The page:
Getting Collaborative partners for R&D projects21 September 2018
Recently, Innovate UK made it compulsory for larger value R&D grant applications to be collaborative. So who do you collaborate with in order to get a higher value R&D grant – and how do you encourage them to participate?
Firstly – who to collaborate with. Probably the best collaborators are potential commercial end-user organisations as this often steers R&D towards a successful commercial outcome for a new product or solution. The R&D grant serves as a means of reducing risk for both parties involved in the collaboration.
Complementary business partners are another good choice – especially where the R&D project benefits both partners. For example, a printer manufacturer and a printing ink manufacturer collaborating on a new print method.
Universities are a natural choice, full of clever researchers in focussed specialisms. Research organisations are another good choice. Both are often very keen to get involved with commercial business partners as this brings in vital revenues for research departments plus potential downstream opportunities for ongoing consultancy. However, not-for-profit academic organisations, such as these, are limited to a maximum of 30% of overall project costs.
How then do you encourage potential business partners to collaborate with you? Especially, if their involvement requires a financial contribution? (Not-for-profit academic partners don’t contribute financially to R&D projects).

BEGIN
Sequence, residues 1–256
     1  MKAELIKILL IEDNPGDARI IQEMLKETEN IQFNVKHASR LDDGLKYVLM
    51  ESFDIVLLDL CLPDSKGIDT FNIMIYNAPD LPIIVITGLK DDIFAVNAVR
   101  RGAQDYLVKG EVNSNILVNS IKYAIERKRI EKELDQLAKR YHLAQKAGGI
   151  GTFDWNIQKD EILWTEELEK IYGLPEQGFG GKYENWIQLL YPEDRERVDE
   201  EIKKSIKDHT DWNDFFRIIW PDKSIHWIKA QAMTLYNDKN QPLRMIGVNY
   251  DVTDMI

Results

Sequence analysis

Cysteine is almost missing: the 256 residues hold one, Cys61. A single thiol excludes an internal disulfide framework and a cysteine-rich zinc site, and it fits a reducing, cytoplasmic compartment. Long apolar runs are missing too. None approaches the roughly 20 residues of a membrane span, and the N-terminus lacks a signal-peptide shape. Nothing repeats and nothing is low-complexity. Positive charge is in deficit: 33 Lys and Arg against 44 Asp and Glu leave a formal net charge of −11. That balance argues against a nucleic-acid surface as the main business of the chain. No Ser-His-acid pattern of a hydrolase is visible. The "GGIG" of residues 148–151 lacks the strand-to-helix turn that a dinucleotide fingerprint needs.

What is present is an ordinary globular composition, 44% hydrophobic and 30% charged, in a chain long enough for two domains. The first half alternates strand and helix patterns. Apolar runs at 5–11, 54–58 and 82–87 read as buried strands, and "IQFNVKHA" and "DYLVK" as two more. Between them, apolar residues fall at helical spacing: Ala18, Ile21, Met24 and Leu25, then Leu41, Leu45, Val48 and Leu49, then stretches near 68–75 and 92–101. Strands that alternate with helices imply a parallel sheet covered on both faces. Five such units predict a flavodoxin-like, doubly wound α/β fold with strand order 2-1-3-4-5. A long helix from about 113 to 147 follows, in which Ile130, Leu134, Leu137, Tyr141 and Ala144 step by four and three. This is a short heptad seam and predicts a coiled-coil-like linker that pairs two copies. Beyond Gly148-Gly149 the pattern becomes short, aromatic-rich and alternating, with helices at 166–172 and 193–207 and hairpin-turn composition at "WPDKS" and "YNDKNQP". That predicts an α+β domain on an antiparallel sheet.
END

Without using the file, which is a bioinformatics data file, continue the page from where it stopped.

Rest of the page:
Often, a commercial business partner may be prepared to be involved free-of-charge, for example, as a field trial partner. They will commit human resources, travel costs and sometimes company resources to the project at no cost to help drive the project forward. However, this is not at zero cost to them – there is an opportunity cost in not using these resources for revenue generating activity. Equally, company overhead costs still need to be covered.
Wouldn’t it be so much better to have a financial contribution towards this activity that offsets opportunity costs and contributes to overheads?
That’s precisely what happens in an Innovate UK collaborative R&D project!
A collaborating partner’s R&D involvement, even if only field-trialling a new solution is defined and costed in an overall project plan. Therefore, the time, cost and resource commitment is contained and unlikely to drift into an open-ended commitment. Total costs (including overhead costs) of the collaborating partner are defined – and attract grant money from Innovate UK at the appropriate percentage rate. At the very least, this financially contributes towards overhead costs; which is far better than “free-of-charge” support.
The good news is that collaborations often lead to better outcomes – the end result is a better product than would otherwise have been created solely. And that’s got to be good for all of us!